Documents Relating to New Zealand's Participation in the Second World War 1939–45: Volume III
annex — The Marquess of Lothian1 to Viscount Halifax
The Marquess of Lothian1 to Viscount Halifax
Washington, 10 November 1939
Your telegram No. 716.2
There is not, I think, any particularly strong feeling in the United States for Australia and New Zealand, though they are popular as young democracies. The action that would be taken by the United States in the Pacific would be governed in the main by its attitude to Japan and the consequences to America of Japanese expansion in the Pacific. The United States has long made up its mind against interference on the mainland in Asia, but there is widespread popular resentment against Japan's war on China and the brutal manner in which it has been conducted, often at the expense of American missions. Three or four years ago public opinion in the United States supported the evacuation of the Philippines as diminishing their strategic commitments in the Far East and therefore lessening the risk of war. The upsurge of pacifist public opinion during the recent neutrality debates has been fundamentally a determination not to be drawn into another war in Europe, to which last time they sent two million men. But feeling against Japan is quite likely to demand intensification of economic pressure against Japan when the question of a reversal of the recent denunciation of the trade treaty comes before Congress next January, especially as the United States can bring very strong economic pressure against Japan owing to the effect of the war on Japan's trade with the British Commonwealth and Europe; if Japan began to expand outside the China Sea zone, in which her supremacy was recognised by the Washington treaties, I think there would be a powerful movement to stop her. I do not believe that public opinion would now stand aside if the independence of the Philippines were challenged.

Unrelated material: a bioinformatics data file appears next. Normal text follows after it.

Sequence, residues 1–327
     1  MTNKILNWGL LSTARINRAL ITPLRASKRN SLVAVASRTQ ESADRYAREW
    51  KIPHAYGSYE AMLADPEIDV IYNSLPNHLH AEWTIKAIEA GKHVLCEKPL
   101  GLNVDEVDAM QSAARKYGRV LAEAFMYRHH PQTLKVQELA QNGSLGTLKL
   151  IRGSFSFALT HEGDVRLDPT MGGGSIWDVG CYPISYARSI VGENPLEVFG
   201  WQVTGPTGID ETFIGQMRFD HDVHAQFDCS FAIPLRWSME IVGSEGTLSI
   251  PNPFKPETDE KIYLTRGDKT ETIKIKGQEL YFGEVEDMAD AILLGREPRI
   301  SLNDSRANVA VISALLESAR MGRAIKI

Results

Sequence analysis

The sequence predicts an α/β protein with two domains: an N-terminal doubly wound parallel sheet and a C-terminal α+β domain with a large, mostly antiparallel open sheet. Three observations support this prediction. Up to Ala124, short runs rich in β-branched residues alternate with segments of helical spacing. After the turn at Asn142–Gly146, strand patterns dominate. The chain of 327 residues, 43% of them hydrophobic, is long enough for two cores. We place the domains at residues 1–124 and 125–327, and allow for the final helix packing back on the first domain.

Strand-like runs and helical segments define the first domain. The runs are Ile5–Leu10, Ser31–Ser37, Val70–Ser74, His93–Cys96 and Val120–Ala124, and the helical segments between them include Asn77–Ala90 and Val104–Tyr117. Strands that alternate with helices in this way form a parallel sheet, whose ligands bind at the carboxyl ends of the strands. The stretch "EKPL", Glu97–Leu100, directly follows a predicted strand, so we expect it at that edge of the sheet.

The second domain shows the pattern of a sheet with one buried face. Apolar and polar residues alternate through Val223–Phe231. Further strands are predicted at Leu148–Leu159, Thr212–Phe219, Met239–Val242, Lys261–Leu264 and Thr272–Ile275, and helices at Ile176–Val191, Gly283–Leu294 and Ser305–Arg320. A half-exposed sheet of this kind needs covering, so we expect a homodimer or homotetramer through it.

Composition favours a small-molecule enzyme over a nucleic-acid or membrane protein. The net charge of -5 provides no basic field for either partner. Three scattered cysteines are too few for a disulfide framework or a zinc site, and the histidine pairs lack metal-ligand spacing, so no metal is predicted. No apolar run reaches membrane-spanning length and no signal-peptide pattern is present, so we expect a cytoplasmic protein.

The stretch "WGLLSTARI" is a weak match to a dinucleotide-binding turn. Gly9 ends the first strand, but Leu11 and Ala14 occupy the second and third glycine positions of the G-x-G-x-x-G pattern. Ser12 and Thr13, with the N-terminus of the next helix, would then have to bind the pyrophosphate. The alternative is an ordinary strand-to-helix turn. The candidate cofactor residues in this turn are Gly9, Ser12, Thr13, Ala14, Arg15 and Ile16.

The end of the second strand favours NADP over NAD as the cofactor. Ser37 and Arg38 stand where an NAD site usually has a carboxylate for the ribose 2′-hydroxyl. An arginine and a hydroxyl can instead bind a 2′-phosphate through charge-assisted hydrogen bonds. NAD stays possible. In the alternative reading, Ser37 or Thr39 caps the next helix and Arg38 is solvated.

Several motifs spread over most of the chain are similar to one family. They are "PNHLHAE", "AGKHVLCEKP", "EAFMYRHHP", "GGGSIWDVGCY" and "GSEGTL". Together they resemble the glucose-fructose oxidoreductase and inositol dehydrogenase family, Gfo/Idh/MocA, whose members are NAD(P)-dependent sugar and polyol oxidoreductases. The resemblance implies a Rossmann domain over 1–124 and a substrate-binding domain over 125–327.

If Japanese action left the Philippines alone and concentrated on British possessions and the Dutch Islands, other than Australia and New Zealand, the reaction of American public opinion would be far slower. But partly because the Central Pacific is now regarded as a kind of American reserve, partly because the expansion of Japan overseas would eventually threaten the Monroe Doctrine, and partly because a war with Japan would probably not involve sending abroad vast armies of conscripts, I think that long before Japanese action threatened Australia or New Zealand, America would be at war. This probability is probably enhanced by the fact that the Army and Navy and a great many publicists, though not yet public opinion, recognise clearly that the present form of American security and the Monroe Doctrine is, in the long run, just as dependent upon the British as on the American Navy. If the United States is to rely upon Great Britain to prevent totalitarian Europe from entering the Atlantic through the Straits of Gibraltar and the exits from the North Sea, the United States must themselves underwrite the security of the British Empire in the Pacific because they cannot afford the weakening of Great Britain itself which would follow the collapse of her dominions in the Pacific.
2 Not published.